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Two Aviation Officers Fired, Two Suspended For Dragging Doctor Off United Flight

CHICAGO (CBS) -- Two Chicago Department of Aviation security officers have been fired and two others were suspended for five days for their roles in dragging Dr. David Dao off a United Airlines jet at O'Hare International Airport in April.

"As we have clearly stated, the department is taking every action in our power to ensure that an incident like this never, ever occurs again. When we released our review of security policies and protocols related to the incident on United Airlines flight 3411, we announced that we would consider the Office of the Inspector General's recommendations for discipline, and our actions are consistent with their conclusions and guidance," Aviation Department spokeswoman Lauren Huffman said.

Inspector General Joseph Ferguson's office first revealed the disciplinary action in its quarterly report on Tuesday.

"An OIG investigation found four Chicago Department of Aviation (CDA) employees mishandled a non-threatening situation that resulted in the physically violent forcible removal of a passenger," Ferguson's office said.

Three security officers boarded United Express Flight 3411 on April 9, after Dao refused to leave the plane when the airline told him he and his wife would have to give up their seats for United crew members who needed to get on the fully-booked flight. One of the officers yanked Dao out of the seat when he refused to leave, and dragged him down the aisle.

Dao suffered a concussion and a broken nose, and lost two teeth when his head hit an armrest.

Videos of the incident went viral, sparking nationwide outrage. After initially defending the flight crew's decision to have Dao forcefully removed, United CEO Oscar Munoz publicly apologized for the incident, and vowed the airline never again would have police remove a paid customer from a plane if passengers won't give up their seats voluntarily when United crew members need to get on a plane.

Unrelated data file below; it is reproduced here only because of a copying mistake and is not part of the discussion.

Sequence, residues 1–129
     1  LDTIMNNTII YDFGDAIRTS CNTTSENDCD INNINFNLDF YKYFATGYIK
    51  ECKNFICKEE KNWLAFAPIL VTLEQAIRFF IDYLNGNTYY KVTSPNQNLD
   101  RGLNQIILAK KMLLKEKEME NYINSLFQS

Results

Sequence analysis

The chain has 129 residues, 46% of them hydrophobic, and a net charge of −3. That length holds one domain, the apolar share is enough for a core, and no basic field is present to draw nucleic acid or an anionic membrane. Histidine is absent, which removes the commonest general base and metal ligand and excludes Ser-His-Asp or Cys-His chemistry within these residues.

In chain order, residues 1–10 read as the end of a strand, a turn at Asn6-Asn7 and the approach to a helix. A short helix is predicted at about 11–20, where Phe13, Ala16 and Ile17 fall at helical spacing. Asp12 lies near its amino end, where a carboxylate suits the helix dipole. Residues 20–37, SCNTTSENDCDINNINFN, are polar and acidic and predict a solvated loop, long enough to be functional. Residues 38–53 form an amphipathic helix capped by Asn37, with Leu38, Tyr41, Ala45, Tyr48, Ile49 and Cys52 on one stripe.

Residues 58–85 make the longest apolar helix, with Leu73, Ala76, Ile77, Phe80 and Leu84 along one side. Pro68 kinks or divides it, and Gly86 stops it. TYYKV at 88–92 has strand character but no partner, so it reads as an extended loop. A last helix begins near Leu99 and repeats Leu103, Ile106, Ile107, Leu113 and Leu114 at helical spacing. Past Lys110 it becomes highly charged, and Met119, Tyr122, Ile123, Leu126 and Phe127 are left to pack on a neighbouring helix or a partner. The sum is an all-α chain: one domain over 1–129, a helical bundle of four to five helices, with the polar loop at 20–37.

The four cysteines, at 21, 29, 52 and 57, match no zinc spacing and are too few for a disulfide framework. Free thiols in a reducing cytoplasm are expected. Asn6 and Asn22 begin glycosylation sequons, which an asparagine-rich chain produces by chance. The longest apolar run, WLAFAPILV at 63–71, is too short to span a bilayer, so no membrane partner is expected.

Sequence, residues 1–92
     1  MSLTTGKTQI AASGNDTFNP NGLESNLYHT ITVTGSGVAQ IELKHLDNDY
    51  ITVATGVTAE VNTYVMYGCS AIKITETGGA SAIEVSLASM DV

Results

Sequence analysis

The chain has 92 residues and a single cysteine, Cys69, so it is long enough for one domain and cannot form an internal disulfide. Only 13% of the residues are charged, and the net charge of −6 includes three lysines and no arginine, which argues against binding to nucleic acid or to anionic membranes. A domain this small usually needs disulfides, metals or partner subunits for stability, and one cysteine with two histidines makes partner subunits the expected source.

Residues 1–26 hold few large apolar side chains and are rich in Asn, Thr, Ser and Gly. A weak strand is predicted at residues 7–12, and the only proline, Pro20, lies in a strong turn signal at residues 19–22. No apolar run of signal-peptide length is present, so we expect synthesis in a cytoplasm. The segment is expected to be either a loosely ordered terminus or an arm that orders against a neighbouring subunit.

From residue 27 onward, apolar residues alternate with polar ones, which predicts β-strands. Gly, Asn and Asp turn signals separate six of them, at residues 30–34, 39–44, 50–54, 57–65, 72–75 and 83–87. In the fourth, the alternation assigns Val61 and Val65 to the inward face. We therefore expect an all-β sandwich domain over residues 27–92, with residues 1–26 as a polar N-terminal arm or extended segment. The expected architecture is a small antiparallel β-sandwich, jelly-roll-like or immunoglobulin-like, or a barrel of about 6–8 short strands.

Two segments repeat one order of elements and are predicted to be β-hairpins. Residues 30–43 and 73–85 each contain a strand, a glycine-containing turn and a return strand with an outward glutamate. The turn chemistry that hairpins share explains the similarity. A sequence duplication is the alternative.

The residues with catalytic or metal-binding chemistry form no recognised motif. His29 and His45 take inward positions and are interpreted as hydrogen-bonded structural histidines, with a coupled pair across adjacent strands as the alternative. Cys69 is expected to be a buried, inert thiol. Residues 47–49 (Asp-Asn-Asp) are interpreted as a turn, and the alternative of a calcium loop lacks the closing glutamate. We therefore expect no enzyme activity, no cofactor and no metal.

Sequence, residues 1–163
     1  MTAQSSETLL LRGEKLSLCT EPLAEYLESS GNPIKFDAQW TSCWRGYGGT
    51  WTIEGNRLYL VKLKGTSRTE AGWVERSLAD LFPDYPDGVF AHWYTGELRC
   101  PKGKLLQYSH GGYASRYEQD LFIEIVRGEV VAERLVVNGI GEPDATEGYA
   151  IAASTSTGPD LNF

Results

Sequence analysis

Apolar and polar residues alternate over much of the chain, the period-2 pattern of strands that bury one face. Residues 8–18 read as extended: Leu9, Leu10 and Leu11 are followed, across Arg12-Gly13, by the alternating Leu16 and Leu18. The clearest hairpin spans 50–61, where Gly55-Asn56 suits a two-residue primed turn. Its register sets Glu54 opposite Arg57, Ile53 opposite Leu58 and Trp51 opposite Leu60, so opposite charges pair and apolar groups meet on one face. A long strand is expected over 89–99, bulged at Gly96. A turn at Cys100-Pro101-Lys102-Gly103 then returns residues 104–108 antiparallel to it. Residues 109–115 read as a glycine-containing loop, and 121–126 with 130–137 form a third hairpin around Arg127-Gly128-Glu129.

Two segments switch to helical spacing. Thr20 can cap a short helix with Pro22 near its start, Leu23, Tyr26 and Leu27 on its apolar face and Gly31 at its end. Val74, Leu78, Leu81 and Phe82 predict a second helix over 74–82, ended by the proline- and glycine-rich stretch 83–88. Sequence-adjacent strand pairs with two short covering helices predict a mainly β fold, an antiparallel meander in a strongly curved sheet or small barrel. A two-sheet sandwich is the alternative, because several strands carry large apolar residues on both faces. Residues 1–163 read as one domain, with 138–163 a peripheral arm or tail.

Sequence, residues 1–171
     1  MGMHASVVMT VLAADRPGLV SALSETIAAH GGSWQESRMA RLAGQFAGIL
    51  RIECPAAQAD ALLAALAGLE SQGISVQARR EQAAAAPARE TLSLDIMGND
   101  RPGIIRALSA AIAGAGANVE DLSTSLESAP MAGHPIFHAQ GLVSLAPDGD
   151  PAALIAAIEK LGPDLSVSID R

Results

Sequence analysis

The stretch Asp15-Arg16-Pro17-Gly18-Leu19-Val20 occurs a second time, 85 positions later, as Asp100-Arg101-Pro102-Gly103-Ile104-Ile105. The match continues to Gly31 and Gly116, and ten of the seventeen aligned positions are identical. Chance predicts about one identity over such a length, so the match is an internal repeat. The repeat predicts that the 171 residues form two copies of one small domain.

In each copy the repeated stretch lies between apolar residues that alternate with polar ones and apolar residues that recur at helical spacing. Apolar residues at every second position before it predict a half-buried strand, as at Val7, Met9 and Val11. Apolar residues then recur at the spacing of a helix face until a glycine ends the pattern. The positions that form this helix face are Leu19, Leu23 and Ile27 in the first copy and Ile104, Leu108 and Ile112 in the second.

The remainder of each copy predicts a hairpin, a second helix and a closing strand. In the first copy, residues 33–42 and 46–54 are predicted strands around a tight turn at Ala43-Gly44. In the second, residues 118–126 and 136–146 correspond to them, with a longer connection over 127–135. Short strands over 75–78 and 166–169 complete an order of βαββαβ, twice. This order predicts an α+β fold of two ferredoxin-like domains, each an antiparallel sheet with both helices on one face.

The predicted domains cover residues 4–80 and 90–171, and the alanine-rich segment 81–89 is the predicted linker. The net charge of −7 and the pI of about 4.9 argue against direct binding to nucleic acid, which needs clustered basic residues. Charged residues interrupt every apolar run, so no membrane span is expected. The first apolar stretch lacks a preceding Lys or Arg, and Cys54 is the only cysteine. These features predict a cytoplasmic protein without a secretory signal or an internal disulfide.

United has said it will now offer passengers up to $10,000 to give up their seats when flights are overbooked or the airline needs the seats for its crew members. The airline also agreed to a settlement with Dao for an undisclosed amount. The settlement absolved the city of any liability.

The three officers involved in the incident and an aviation sergeant were placed on administrative leave after the incident.

According to the inspector general's report, the Aviation Department fired the security officer who dragged Dao out of his seat, and the sergeant involved for deliberately removing "material facts" from a report on the incident. The inspector general said the officer who physically removed Dao from the plane "improperly escalated the incident" when Dao refused to leave voluntarily. Both officers were fired in August.

The officer who dragged Dao off the plane, James Long, filed a report defending his actions, stating Dao "started swinging his arms up and down fast and violently" and then "started flailing his arms and started to fight."

Long said Dao was injured when he hit his arm, causing him to lose his grip, and his face smashed against an armrest. At the time, Long had just returned to work after a five-day suspension for insubordination.

Two other officers involved in the incident were suspended for five days, as recommended by Ferguson's office. The inspector general's office said one of those officers "made misleading statements" in reports, and the other "made material omissions" in a report about Dao being forcefully removed from the aircraft.

In his report on the incident, Officer Mauricio Rodriguez stated Long used "minimal but necessary force" in the incident.

Aviation Commissioner Ginger Evans also has moved to force airport security officers to remove the word "police" from their uniforms and vehicles in the wake of the incident.

Evans has said the order originally was given in January, but was never enforced before the incident on Flight 3411. However, several aldermen have objected to Evans' move, and said only the City Council can make such a change regarding the city's aviation officers. The aldermen introduced an order calling Evans to testify at a public hearing on her decision to remove the word "police" from the officers' uniforms and vehicles, but the Rules Committee has not yet scheduled a hearing.

The Aviation Department also has said new regulations in training make it clear the Chicago Police Department is the lead agency, not airport security officers, when responding to any reported disturbance at the city's airports, on or off the planes. Evans said aviation security officers would still be able to board planes in medical emergencies.

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